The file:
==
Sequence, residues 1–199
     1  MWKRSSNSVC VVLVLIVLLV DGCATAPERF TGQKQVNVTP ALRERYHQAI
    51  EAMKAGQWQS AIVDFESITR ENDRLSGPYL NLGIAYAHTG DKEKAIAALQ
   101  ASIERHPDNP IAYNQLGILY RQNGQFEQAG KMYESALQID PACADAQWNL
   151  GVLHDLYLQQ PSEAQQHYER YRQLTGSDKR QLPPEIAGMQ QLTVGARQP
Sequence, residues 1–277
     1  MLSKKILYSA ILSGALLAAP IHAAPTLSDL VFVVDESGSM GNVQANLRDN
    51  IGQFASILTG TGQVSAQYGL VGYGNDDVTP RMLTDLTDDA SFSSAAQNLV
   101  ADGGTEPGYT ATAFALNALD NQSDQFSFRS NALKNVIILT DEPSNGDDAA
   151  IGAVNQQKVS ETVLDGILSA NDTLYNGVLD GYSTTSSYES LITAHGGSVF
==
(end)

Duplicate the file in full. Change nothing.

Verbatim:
Sequence, residues 1–199
     1  MWKRSSNSVC VVLVLIVLLV DGCATAPERF TGQKQVNVTP ALRERYHQAI
    51  EAMKAGQWQS AIVDFESITR ENDRLSGPYL NLGIAYAHTG DKEKAIAALQ
   101  ASIERHPDNP IAYNQLGILY RQNGQFEQAG KMYESALQID PACADAQWNL
   151  GVLHDLYLQQ PSEAQQHYER YRQLTGSDKR QLPPEIAGMQ QLTVGARQP
Sequence, residues 1–277
     1  MLSKKILYSA ILSGALLAAP IHAAPTLSDL VFVVDESGSM GNVQANLRDN
    51  IGQFASILTG TGQVSAQYGL VGYGNDDVTP RMLTDLTDDA SFSSAAQNLV
   101  ADGGTEPGYT ATAFALNALD NQSDQFSFRS NALKNVIILT DEPSNGDDAA
   151  IGAVNQQKVS ETVLDGILSA NDTLYNGVLD GYSTTSSYES LITAHGGSVF